6 female tech pioneers who transformed their industries

To celebrate International Women’s Day on 8th March, we’re saluting six inspiring women who shaped and re-shaped their respective industries, past pioneers and innovators who turned modern business on its head.


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Although technology is still a sector where gender imbalance is felt, the legacies created by these incredible women all made an impact that remains as strong as ever. Here, we present six female tech pioneers who transformed their industries.

Ada Lovelace

In her capacity as the world’s first computer programmer, this list wouldn’t be complete without Ada Lovelace, world-renowned for publishing the first algorithm ultimately carried out by the pioneering Analytical Engine.

Although created by Charles Babbage as a means of counting numbers, Lovelace recognised the potential for the computer beyond basic mathematics. In her work for Babbage, she supplemented work for him with an elaborate set of notes containing what many consider the first computer program, i.e. an algorithm to be carried out by a machine.

Whilst contemporary recognition was slim, her work came to be highly regarded, influencing modern computer science and the technology industry from the 1950s. 

 

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Sheryl Sandberg

Having previously worked for Google, Sandberg is currently the chief operating officer at Facebook. One of the many women shaking up the tech scene, Sandberg authored Lean In: Women, Work and the Will to Lead, a look at women in the workplace that has sold over two million copies since its release.

As well as creating the Lean In Foundation, a non-profit organisation started with the aim of inspiring women to help them achieve their goals, Sandberg was also included in Time’s 100 most powerful people in 2012.

Grace Hopper

Bestowed with a number of nicknames, including the Queen of Software, Amazing Grace and Grandma COBOL, Hopper has some serious credentials, including a legacy that still has its fair share of followers today.

A pioneer in the field of computer programming, Hopper’s work ultimately led to the creation of the Common Business Oriented (COBOL) Language. Before this, computers spoke only in binary, an impenetrably difficult language that Hopper felt was very off-putting to newcomers. She theorised if more people could read programming, more people would be able to program. Not only was she right, but many of the programming languages she helped create are still being used by government agencies and leading IT companies to modernise their systems.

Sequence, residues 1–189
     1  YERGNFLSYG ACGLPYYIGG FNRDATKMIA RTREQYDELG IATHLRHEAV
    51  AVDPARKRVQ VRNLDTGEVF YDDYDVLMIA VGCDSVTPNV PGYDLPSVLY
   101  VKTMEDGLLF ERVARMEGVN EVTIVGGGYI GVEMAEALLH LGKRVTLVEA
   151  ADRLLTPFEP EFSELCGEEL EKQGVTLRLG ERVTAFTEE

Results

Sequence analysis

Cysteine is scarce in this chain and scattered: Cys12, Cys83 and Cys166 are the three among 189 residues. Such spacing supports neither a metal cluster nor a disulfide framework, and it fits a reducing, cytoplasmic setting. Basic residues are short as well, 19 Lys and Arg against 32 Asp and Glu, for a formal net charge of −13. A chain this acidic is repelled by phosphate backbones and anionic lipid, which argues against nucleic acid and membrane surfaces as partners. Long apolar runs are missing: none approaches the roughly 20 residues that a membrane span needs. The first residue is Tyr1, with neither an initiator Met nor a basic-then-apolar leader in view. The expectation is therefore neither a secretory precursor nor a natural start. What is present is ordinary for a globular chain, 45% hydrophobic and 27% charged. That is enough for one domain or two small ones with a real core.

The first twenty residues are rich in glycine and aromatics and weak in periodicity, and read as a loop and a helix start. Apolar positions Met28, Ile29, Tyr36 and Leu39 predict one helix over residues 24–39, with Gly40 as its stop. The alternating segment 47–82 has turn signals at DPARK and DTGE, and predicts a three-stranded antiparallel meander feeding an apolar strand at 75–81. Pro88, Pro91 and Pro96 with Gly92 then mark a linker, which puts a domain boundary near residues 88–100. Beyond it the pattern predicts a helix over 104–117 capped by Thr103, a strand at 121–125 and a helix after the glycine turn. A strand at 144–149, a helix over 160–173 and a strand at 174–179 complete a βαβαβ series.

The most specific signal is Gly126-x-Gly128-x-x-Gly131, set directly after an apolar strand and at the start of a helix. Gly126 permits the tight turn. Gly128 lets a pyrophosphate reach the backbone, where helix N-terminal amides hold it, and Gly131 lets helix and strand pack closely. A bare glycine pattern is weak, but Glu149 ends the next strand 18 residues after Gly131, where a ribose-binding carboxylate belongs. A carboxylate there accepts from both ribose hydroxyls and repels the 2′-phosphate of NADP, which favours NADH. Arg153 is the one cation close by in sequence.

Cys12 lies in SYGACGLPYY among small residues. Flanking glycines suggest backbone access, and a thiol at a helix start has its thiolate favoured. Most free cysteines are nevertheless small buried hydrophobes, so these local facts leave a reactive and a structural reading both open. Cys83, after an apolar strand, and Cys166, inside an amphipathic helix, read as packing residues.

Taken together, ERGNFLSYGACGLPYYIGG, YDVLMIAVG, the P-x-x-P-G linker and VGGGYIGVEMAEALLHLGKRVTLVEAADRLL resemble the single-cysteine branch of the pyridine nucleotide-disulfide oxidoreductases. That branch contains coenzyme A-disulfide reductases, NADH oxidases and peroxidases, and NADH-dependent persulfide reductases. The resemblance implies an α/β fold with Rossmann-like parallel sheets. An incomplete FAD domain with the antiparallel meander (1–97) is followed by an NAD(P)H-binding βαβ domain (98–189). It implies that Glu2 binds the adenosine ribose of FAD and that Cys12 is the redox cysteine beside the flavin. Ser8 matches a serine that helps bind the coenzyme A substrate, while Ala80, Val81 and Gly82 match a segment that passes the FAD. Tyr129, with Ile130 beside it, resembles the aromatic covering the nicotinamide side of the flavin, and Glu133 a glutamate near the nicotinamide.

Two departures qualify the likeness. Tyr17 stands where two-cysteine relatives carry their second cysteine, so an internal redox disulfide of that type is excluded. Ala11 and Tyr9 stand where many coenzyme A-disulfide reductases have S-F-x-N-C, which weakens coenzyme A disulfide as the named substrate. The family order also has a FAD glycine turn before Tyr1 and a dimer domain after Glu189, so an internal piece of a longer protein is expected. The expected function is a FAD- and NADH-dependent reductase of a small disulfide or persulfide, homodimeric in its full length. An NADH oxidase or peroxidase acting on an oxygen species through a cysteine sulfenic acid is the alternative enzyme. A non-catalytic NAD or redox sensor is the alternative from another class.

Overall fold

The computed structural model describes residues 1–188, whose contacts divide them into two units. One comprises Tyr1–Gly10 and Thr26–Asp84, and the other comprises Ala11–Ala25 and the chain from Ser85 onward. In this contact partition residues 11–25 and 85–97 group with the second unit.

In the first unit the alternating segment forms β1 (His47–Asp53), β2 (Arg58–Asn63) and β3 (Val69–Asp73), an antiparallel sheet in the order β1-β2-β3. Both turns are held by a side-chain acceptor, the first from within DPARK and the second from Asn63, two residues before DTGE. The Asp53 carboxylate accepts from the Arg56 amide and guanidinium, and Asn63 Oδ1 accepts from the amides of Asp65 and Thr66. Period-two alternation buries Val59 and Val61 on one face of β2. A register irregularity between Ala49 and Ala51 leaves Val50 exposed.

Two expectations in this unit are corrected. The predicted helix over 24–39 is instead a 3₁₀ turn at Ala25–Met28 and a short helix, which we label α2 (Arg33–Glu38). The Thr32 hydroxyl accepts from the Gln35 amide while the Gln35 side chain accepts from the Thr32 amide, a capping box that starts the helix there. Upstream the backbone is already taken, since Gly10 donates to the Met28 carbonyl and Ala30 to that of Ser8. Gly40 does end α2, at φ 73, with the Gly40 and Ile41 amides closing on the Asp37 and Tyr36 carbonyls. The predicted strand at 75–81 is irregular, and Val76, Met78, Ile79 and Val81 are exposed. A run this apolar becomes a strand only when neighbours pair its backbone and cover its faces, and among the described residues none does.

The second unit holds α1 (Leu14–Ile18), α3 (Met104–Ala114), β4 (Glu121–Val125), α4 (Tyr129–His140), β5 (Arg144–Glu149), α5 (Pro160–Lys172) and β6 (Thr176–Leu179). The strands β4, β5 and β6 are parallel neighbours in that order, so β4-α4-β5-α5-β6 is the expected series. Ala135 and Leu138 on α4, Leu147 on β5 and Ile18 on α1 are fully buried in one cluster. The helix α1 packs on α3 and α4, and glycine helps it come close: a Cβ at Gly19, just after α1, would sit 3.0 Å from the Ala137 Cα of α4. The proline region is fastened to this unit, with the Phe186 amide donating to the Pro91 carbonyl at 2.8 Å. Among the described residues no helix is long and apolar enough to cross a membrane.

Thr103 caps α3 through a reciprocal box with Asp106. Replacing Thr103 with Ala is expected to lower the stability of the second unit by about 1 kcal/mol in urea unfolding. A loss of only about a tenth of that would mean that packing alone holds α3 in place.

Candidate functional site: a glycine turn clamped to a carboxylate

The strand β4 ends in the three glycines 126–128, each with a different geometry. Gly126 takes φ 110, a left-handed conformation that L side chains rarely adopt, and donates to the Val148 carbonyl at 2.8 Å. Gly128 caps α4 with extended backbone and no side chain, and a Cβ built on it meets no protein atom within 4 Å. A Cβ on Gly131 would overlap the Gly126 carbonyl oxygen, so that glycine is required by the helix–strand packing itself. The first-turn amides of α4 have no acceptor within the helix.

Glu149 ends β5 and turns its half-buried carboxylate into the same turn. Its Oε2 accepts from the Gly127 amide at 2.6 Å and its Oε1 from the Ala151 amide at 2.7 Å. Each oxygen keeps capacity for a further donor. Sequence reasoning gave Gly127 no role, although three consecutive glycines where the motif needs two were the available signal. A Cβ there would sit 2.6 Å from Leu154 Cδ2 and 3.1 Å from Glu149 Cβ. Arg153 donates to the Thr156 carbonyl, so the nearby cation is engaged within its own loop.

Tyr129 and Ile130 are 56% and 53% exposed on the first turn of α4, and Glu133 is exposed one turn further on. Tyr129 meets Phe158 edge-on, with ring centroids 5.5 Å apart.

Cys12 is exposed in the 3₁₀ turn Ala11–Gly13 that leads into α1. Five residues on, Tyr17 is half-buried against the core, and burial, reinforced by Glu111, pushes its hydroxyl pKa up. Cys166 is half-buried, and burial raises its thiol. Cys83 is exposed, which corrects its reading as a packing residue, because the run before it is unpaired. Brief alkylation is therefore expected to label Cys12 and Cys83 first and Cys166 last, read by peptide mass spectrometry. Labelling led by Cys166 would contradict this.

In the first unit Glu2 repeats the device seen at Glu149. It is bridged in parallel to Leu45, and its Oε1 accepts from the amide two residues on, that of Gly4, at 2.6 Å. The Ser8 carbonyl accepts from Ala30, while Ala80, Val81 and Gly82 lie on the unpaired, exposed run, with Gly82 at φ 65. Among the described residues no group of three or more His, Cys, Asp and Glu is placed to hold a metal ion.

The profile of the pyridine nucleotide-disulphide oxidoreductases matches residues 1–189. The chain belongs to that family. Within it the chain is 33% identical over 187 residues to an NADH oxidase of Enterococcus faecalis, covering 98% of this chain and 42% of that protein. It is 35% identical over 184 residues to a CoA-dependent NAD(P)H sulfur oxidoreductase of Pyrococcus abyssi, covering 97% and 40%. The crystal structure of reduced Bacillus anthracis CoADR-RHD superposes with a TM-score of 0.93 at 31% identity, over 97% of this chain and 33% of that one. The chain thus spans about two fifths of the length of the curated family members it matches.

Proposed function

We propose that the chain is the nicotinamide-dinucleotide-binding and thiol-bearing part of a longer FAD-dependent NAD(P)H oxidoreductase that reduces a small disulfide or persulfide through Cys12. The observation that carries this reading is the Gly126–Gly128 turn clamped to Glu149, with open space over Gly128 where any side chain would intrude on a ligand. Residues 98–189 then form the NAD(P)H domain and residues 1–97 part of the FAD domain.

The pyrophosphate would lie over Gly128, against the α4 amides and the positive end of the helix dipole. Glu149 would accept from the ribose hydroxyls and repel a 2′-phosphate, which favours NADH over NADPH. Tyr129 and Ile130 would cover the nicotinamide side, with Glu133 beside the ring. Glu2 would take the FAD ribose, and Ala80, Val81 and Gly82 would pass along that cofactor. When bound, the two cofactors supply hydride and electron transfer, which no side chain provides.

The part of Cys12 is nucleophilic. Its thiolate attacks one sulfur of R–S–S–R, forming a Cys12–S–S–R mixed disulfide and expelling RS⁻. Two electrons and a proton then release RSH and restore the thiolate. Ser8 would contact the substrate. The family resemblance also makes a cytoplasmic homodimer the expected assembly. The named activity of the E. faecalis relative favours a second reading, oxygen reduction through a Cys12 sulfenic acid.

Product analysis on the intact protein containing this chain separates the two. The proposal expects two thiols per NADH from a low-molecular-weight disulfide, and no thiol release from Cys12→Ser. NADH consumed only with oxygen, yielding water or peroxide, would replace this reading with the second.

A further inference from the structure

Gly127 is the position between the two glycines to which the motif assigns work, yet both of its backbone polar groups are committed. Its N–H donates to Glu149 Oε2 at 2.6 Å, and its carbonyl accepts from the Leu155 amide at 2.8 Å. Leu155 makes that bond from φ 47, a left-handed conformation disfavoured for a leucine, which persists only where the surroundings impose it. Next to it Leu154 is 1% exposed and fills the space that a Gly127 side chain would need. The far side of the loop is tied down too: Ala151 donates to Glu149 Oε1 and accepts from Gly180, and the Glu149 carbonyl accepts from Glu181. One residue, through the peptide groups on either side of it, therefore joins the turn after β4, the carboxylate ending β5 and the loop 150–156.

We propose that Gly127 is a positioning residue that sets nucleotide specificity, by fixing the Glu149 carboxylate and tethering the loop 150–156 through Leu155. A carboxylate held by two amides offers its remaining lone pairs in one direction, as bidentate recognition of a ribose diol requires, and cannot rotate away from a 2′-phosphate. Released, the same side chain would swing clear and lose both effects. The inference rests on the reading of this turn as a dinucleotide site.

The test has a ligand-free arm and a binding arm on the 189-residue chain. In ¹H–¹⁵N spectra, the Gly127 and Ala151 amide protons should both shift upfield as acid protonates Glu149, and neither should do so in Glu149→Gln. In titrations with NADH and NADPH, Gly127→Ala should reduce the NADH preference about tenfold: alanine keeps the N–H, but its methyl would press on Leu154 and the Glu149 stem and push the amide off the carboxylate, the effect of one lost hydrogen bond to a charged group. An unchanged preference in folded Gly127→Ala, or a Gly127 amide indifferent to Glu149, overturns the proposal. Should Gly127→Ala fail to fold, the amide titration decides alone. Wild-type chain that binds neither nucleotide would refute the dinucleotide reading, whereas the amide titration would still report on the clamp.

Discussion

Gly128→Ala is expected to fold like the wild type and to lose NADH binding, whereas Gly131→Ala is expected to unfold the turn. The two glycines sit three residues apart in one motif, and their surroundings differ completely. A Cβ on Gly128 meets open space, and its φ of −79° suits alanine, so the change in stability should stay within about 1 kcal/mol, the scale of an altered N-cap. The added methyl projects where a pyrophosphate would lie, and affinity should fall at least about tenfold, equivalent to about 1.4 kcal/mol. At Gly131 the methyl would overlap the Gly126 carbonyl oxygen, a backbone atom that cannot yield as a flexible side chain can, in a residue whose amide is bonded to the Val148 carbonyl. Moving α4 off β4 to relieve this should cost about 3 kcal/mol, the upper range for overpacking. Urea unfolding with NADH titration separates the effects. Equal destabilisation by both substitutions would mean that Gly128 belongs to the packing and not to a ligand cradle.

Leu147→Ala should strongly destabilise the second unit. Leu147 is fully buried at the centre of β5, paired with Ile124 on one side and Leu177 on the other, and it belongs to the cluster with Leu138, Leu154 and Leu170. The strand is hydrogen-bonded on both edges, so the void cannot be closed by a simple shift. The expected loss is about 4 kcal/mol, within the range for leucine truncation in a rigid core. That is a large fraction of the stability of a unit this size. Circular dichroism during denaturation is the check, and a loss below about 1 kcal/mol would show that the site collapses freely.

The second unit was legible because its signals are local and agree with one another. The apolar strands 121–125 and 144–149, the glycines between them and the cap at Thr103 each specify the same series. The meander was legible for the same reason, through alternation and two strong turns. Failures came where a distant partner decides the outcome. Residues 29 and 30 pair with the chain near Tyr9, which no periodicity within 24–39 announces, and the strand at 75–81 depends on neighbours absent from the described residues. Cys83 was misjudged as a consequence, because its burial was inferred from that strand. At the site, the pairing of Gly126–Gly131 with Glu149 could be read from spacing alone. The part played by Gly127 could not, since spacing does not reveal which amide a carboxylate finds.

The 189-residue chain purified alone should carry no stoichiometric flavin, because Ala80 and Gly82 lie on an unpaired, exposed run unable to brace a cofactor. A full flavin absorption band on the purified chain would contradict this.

Susan Kare

All your favourite Apple products owe a debt of gratitude to Kare, the designer who helped shape the way Apple computers look with her now-iconic design skills. The familiar interface elements of the Mac, including its command icon, the Happy Mac icon that greeted Apple users when they booted up their machines, and the trash can icon were all created by Kare.

 

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A pixel art pioneer, Kare’s efforts helped usher in Apple’s use of the point-and-click computer, turning the machine into an easily accessible, personable device you could learn how to use in 20 minutes or so. Not content with the fruits of her labour at Apple, Kare moved onto Microsoft, helping to make the Windows 3.0 operating system more user-friendly, before a stint with Facebook showed off her skills once more.

Hedy Lamarr

Hollywood star, screen siren and frequency-hopping, torpedo-countering… inventor? It almost sounds like something out of Tinseltown itself, but Hedy Lamarr’s CV included films and a pioneering WW2 war effort.

Drafted into the war effort at the beginning of WWII, Lamarr was integral to the invention of spread-spectrum technology and frequency hopping, a method of sending radio signals from different frequency channels.

Along with co-inventor, George Antheil, the technology stopped messages from being easily intercepted, so outside agents couldn’t understand what was being communicated, basically encrypting the audio from enemies.

 

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Radia Perlman

Referred to as the ‘mother of the internet’, Perlman invented the ‘spanning-tree protocol’, an Ethernet technology that allows for the creation of huge networks by creating a mesh network of layer-2 bridges and then disabling the links that aren’t part of that tree. It sounds complicated, and it is, but Perlman’s work helped to make the internet a more streamlined, robust experience.

With more than 100 patents to her name, Perlman remains modest about the grand title she’s been bestowed. Even so, her work has been awarded with numerous honours, including the 2004 Inventor of the Year and one of the 20 most influential people in information technology by Data Communications Magazine, in both its 20th and 25th-anniversary editions.

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